Archipelago of the Recherche
is a group of 105 islands, and over 1200 "obstacles to shipping", off the southern coast of Western Australia
. The islands, also known as the Recherche Archipelago
, stretch from East to West and to off-shore.
The western group is near Esperance
and the eastern group at Israelite Bay
. They are located in coastal and inland waters, part of which is referred to as the Recherche Archipelago Nature Reserve
European discovery and naming
The islands became known to Europeans when Francois Thijssen and Pieter Nuyts, sailing on 'Gulden Zeepaert, sighted and explored the area in 1627. George Vancouver also passed through the archipelago as part of his expedition in HMS Discovery in 1791. .
The area was named the Archipelago of the Recherche (L’Archipel de la Recherche) by Bruni d'Entrecasteaux during a French expedition in 1792. This name was taken from one of the Rear Admiral's ships, Le Recherche, the town of Esperance is named from the other ship of the expedition. They also came to be known as the D'Entrecasteaux Islands.
Matthew Flinders was the first to explore and chart the islands of the archipelago in 1802 as part of his voyage in the Investigator.
On the 14th February 1991 the Sanko Harvest
a bulk carrier of 33,024 tons sank in the archipelago - and it became the second largest wreck that can be dived on in the world. The response to the pollution by wreck was reported upon soon after the wreck
Australia's only recorded pirate, Black Jack Anderson, frequented the archipelago in the 1830s. A former sealer he turned to piracy and wreaked havoc in the area until being murdered by his crew. .
Flinders lost two important anchors when leaving the area in 1802, in 1972 these were recovered and moved to the South Australian Maritime Museum.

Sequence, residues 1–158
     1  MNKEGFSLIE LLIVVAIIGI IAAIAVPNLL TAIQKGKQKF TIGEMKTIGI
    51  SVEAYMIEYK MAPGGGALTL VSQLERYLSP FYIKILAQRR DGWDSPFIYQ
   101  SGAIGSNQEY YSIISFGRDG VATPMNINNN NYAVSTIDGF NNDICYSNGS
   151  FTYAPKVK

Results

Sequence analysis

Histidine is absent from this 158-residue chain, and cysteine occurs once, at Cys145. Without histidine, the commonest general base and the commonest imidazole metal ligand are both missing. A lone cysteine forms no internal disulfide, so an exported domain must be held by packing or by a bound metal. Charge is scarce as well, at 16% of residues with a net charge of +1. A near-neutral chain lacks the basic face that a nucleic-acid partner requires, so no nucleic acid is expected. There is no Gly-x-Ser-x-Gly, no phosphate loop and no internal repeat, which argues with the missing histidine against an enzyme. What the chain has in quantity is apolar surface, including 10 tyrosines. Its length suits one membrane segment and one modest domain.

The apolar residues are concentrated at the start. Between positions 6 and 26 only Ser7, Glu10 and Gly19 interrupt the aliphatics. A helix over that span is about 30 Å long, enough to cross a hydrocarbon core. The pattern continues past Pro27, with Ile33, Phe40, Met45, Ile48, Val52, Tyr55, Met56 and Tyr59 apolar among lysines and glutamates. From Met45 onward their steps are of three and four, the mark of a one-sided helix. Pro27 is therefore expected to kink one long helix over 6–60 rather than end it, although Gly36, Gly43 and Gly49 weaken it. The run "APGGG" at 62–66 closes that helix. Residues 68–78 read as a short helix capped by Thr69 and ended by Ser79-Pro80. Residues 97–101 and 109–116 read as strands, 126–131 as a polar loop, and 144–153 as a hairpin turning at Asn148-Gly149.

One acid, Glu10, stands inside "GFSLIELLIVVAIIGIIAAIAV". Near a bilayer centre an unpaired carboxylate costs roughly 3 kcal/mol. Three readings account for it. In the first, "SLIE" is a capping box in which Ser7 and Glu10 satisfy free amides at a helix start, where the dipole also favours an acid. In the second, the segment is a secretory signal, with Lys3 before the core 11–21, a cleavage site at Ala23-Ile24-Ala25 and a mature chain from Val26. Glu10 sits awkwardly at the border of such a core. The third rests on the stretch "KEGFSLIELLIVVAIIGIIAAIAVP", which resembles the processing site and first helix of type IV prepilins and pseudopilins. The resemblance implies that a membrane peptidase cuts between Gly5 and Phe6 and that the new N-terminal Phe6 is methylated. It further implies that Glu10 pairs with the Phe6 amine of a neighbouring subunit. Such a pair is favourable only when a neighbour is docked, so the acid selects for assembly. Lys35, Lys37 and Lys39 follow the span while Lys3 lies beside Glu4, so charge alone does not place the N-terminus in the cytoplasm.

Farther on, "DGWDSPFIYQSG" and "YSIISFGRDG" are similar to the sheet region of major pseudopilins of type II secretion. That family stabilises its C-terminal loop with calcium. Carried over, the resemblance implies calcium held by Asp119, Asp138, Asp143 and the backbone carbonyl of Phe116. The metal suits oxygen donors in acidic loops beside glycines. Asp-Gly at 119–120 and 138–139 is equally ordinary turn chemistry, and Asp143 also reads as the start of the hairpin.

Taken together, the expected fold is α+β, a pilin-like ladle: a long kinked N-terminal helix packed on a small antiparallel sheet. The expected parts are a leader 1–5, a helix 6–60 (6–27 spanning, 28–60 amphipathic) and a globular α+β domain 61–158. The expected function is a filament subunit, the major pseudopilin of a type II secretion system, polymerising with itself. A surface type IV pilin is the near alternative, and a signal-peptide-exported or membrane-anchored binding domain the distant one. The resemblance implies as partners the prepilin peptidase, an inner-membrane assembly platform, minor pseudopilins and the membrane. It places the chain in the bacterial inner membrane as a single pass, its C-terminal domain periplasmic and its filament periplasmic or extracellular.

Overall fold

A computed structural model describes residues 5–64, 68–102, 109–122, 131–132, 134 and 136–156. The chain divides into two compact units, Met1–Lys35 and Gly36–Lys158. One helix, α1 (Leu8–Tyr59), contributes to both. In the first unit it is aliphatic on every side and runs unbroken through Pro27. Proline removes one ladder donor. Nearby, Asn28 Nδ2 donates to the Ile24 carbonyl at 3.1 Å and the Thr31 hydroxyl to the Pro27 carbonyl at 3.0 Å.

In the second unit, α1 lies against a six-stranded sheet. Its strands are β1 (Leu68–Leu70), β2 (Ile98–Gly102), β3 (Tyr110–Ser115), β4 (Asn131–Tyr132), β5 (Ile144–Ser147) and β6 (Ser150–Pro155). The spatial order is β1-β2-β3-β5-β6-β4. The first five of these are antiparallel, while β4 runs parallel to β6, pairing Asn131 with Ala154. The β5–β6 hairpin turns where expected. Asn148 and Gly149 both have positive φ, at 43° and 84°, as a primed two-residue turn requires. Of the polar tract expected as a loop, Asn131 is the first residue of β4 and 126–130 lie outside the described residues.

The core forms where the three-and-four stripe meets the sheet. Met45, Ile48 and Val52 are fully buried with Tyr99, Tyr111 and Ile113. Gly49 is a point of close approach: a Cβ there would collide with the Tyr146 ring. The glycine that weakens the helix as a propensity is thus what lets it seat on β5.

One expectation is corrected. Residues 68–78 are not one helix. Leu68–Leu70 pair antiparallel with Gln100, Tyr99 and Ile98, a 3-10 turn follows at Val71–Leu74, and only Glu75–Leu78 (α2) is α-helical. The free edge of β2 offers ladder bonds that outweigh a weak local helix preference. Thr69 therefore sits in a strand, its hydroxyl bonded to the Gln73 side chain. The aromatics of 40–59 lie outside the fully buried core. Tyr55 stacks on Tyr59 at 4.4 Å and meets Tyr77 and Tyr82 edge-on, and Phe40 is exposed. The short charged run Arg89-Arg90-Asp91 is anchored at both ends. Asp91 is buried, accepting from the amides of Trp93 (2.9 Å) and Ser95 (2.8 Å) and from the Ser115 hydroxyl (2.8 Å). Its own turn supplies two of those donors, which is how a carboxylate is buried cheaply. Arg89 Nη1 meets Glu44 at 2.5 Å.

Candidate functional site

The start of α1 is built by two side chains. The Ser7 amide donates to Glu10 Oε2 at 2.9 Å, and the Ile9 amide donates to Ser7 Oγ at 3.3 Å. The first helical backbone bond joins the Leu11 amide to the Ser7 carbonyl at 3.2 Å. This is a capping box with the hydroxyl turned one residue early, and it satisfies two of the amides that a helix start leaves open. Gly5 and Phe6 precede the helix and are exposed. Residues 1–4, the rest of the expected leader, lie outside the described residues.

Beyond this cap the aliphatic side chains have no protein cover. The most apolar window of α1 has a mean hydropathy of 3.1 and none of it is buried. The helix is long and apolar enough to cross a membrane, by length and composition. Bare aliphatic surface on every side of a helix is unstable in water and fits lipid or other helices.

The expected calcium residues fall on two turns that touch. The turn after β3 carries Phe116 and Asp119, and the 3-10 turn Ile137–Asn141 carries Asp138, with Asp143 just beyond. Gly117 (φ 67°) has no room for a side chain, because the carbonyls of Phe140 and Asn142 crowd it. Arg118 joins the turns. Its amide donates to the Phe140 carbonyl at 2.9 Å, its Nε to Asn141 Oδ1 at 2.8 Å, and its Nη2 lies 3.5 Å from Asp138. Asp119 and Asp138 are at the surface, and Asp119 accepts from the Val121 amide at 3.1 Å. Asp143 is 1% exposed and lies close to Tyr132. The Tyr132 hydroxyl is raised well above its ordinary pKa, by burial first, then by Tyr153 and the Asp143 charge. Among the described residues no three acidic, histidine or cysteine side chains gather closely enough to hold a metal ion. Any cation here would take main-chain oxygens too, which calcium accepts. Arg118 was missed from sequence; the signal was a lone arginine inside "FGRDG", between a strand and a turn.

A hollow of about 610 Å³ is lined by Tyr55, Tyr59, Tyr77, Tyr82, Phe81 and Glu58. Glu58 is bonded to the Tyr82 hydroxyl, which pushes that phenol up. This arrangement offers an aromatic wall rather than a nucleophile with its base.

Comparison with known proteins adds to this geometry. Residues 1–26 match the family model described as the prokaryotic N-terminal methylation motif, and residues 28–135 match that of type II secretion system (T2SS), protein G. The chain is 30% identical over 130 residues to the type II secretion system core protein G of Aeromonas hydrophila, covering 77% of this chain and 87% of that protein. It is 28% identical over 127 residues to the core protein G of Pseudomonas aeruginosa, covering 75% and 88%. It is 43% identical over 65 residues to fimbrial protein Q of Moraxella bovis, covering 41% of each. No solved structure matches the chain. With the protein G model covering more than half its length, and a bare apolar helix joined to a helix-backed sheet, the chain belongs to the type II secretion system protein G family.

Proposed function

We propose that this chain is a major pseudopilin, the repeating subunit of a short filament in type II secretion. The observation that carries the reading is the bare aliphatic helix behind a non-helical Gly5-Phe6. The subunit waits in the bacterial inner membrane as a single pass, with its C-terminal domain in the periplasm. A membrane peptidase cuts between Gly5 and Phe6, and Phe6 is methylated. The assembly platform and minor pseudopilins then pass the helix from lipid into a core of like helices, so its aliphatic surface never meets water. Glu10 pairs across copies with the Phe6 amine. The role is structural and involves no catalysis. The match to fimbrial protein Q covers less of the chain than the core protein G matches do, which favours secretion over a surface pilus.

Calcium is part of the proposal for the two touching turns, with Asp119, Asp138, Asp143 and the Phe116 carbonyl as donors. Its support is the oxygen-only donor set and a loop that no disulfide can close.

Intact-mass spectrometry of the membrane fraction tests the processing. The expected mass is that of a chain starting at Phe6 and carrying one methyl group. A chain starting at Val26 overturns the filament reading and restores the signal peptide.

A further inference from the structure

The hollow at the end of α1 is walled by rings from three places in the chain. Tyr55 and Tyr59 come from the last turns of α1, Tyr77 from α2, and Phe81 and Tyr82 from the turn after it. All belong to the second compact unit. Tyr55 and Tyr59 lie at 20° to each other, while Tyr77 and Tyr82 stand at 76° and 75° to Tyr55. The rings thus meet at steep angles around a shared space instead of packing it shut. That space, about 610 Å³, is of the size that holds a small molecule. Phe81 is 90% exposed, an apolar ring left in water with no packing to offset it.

Uses of the area now include recreational and commercial fishing, and shipping from the Port of Esperance. Commercial fishing is primarily abalone, Esperance Rock Lobster, pilchard, and sharks, and fishing tourism is an established industry. The area is proposed for other applications of aquaculture, including farming trials of Bluefin Tuna.
An island group at inland and coastal waters near the southwest coast of Australia. The western group is near Esperance, Western Australia
and an eastern group at Israelite Bay. These form an Archipelago
of 105 features classed as islands, and more than 1500 islets. The islands of the archipelago have a combined area of .
The islands are generally composed of granite outcrops; these have steep slopes and often lack beaches. A large number of features are submerged, some becoming exposed by tides.
The islands are usually considered as being either in the western group (near Esperance and Woody Island and Cape Le Grand National Park) or in the eastern group (Middle Island being the most prominent) - near Cape Arid National Park Some surveys of the archipelago go further than the eastern and western distinction and consider groupings around named islands